Questions and Submissions to:

Barnaby@projectfreerange.com

BarnOwl_TonySutton

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Pirates Write Blogs Too, Right?

We’re looking for new authors to join us as we embark (again?) on our courageously uncertain course through piratey waters, and try to make some sense (or at least pretty-up the non-sense) of our contemporary world. We like the four sturdy masts that keep our sails aloft: the City, Design, Politics, and Pirates, and we try to write, scratch, scrawl, draw, photograph our love, protest, insight, outrage and inspiration through Project Freerange.

 

The Freerange Blog is a strange constellation of ideas that we haven’t got close to mapping yet, but there’s bound to be an inhabitable planet or two in there, and some other very strange things that make our stomachs & brains ache, like this.

 

The Freerange Blog really is the nervous system of the Freerange Cooperative Press, slightly anxious, but vital for us to keep our senses. From the blog, the Freerange Journal emerges, new print projects, and a community of writers that are frighteningly worldly and utterly interesting.

 

 

Get in touch with me (byron@projectfreerange.com) if you’re keen to set sail,

Looking forward to talking the plank,

Byron

The Sweaty Toothed Madman / Secretary.

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When I Draw–

“Y’know the real world, this so called real world is just something you put up with like everybody else.  I’m in my element when I’m a little bit out of this world – I’m on the beam.  Because when I’m falling, I’m doing all right: When I’m slipping, I say, “Hey this is interesting!”  It’s when I’m standing upright, that bothers me: I’m not doing so good.”  Willem de Kooning.

For the last year I’ve worked at Factory 7 with dim lights (nearly always at night), metallic dust, and a large dirty desk that takes the brunt of my drawing.  I work with dry and dusty pencils, charcoal and dense pigment pastels, always on paper.

In my dark corner, I’ve drawn bodies, women, angels, saints, friends and places, faces, and forces. I draw these things to understand my body, the bodies of others – real and unreal – and to trace the experiences of my physical, intellectual and emotional self. I draw to understand old marks I’ve made, how my hand moves and hits paper, and to feel how the marks and paper hit back in whatever way they can. I guess I draw to get better at drawing.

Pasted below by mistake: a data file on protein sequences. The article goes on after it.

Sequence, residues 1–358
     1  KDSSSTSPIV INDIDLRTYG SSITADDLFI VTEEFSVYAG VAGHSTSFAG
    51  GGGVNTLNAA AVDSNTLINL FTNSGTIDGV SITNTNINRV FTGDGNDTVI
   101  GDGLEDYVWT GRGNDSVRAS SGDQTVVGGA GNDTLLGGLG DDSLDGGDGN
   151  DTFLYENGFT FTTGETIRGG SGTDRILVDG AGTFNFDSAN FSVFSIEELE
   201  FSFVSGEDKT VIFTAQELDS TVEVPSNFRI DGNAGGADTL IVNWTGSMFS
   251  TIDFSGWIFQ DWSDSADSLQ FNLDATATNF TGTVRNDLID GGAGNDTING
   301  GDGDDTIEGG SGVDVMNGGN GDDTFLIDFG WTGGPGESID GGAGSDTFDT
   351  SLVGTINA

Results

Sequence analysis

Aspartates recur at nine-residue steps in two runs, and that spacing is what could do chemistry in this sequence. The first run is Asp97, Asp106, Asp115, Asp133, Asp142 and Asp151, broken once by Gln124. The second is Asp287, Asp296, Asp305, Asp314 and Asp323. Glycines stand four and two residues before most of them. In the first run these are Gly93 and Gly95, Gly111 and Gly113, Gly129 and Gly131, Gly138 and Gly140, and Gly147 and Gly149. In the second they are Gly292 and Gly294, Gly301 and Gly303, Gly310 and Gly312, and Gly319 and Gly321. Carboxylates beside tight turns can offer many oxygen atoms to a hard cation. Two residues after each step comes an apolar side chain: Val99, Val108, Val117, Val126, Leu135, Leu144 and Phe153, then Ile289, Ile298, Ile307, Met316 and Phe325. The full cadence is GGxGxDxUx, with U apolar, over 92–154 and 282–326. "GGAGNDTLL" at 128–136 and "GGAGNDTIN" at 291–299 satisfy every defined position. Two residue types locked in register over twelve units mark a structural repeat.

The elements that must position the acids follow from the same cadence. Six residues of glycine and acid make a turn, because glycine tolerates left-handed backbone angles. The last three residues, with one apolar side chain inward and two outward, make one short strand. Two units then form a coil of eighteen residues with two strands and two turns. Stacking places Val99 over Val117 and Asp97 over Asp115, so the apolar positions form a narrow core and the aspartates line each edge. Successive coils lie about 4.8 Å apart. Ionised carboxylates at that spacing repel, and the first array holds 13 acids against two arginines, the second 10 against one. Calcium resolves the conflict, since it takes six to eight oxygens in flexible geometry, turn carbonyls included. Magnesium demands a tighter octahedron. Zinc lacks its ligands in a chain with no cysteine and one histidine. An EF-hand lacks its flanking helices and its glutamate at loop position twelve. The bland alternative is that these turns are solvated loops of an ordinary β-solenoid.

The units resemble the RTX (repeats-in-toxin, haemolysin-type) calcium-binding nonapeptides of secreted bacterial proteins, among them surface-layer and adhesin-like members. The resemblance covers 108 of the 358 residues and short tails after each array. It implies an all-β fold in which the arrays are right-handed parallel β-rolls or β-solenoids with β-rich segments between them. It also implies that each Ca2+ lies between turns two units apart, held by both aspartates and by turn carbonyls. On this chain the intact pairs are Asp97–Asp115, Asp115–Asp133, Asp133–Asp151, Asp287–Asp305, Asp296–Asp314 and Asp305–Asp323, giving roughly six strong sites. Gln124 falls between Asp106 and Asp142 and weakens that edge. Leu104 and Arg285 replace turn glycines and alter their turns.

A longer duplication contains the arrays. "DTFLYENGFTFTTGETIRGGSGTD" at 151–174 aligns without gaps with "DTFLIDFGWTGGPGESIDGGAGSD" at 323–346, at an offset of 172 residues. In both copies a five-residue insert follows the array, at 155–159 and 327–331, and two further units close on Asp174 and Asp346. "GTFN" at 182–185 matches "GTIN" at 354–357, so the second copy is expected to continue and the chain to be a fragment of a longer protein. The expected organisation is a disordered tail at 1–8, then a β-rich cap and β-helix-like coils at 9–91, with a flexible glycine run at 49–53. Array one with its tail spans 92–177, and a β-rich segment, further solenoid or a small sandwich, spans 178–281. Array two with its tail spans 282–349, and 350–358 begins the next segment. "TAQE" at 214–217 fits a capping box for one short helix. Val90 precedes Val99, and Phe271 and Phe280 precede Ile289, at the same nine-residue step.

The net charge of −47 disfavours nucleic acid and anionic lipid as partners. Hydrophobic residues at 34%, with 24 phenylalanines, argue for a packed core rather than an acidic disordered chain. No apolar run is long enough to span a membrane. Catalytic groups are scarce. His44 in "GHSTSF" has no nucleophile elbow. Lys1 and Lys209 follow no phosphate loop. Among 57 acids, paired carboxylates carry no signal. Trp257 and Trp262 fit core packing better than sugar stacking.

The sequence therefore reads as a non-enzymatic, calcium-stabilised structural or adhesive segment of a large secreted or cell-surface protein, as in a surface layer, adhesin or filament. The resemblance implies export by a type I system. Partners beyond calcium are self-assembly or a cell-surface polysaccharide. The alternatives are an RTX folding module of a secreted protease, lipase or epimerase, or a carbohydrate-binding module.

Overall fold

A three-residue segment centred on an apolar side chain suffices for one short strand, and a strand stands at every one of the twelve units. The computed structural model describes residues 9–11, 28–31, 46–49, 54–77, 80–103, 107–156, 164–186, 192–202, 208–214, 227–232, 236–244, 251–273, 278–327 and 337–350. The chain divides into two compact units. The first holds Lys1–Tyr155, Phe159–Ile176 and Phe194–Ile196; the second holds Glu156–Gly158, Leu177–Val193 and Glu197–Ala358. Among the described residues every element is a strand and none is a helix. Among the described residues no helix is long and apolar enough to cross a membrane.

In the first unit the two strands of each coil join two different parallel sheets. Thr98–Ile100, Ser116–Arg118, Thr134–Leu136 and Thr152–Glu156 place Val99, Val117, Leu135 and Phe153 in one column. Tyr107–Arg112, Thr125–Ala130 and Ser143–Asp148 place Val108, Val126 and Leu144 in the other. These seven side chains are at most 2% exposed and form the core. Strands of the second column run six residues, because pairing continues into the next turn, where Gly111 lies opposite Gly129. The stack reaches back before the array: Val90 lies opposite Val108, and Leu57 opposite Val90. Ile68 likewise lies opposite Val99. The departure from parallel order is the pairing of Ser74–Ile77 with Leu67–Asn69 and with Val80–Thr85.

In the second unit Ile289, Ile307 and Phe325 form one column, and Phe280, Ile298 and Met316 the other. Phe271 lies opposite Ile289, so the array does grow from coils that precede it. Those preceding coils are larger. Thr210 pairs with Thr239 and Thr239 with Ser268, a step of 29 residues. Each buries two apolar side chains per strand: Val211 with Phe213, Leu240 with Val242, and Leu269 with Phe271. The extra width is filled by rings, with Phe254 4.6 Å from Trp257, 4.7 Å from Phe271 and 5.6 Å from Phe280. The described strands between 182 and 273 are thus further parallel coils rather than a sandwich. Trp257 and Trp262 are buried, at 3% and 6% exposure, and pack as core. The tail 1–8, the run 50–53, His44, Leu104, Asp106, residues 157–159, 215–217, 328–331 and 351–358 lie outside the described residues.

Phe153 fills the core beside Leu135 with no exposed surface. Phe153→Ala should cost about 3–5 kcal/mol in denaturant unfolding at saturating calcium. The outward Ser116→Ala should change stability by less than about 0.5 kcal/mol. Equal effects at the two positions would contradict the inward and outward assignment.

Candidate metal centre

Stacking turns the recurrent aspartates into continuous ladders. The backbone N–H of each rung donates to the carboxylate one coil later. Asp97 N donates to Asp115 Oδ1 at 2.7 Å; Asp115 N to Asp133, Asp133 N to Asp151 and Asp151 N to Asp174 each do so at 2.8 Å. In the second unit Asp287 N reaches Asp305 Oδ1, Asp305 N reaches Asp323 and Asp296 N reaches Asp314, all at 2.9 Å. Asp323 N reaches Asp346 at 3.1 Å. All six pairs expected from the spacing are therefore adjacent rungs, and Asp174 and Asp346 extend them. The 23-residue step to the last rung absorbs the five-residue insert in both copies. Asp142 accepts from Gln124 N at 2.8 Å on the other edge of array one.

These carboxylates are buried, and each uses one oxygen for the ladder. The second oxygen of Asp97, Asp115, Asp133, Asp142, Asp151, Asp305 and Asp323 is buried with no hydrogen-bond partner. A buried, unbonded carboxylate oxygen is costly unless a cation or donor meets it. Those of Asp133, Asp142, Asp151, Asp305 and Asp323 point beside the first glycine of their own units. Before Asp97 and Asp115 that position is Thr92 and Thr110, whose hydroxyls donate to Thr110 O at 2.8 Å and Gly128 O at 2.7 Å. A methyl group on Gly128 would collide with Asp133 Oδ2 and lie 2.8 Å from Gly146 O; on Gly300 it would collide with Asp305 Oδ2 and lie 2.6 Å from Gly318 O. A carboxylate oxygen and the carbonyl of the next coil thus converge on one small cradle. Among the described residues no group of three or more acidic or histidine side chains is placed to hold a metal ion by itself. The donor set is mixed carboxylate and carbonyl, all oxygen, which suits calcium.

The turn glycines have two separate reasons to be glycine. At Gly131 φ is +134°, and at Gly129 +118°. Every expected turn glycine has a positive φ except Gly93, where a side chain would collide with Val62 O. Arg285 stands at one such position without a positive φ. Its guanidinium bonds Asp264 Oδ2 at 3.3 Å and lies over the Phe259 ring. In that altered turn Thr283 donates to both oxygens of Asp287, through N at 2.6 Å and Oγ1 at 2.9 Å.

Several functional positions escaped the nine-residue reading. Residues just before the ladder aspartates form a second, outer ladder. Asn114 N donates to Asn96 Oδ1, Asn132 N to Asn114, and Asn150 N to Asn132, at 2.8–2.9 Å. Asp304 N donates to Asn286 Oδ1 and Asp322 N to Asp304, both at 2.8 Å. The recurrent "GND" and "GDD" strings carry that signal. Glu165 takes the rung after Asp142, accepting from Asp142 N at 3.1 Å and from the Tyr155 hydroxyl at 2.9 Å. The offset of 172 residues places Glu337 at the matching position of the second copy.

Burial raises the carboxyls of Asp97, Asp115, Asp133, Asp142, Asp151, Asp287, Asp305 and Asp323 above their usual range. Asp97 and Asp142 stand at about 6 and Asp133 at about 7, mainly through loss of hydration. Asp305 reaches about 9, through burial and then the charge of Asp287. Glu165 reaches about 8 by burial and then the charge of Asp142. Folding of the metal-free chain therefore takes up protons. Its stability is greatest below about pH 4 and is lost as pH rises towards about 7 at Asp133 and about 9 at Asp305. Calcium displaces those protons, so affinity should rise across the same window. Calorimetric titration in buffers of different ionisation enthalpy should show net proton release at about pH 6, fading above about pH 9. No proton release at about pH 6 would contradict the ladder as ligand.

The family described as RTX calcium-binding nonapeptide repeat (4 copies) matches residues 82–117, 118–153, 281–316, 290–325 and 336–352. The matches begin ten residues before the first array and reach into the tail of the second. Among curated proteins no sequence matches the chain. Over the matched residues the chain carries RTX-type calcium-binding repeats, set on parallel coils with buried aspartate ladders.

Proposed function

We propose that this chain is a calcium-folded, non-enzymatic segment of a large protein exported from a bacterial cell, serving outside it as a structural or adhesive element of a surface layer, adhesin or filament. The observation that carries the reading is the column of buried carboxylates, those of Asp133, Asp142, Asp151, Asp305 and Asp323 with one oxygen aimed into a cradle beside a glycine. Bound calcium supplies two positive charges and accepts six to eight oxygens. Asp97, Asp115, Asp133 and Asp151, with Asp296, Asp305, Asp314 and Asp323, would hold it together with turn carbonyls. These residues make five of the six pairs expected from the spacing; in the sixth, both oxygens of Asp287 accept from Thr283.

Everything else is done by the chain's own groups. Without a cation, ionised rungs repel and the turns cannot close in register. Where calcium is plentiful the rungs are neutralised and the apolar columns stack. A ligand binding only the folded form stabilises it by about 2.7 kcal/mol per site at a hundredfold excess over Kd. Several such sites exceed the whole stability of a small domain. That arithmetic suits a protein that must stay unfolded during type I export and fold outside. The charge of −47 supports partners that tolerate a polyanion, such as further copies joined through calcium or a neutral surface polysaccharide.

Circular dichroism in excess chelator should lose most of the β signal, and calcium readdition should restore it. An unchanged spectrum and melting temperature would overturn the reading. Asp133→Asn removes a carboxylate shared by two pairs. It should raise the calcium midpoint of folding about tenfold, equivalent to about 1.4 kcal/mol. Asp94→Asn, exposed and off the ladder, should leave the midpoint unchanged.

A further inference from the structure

Factory 7

Factory 7

Factory 7

Factory 7

I am most interested in making marks when I am as wary as possible of the eye, the hand and the paper, even when – or especially when – I’m not in control of them. The easiest way to be aware of something is to feel it change, the more violently the better. To become aware of your eye, you blind it, your hand – you hurt it, the whiteness of your paper – you dirty it.

I want to draw like being in a car crash.

The relationship between your eyes and hands is the easiest to disrupt. When drawing blindfolded, the hand is increasingly sensitive to movement and impact, and even the mind’s eye can be confused if you’re slipping. This is the best way to draw unlike your self, which is an important part of drawing as your self. I think that short fits of hysteria have the same effect and can be practiced, like New Zealand artist Max Gimblett who stomps the ground and bellows like a madman, or there’s De Kooning, who supposedly charged at his canvas from across the room with his loaded brush in hand. I find music pumped into my ears helps me arrive there too. The effects of all these can be an extended sense of openness, or aggressive bursts of physical and emotional energy that smash pigment deep into the paper. It feels incredibly direct.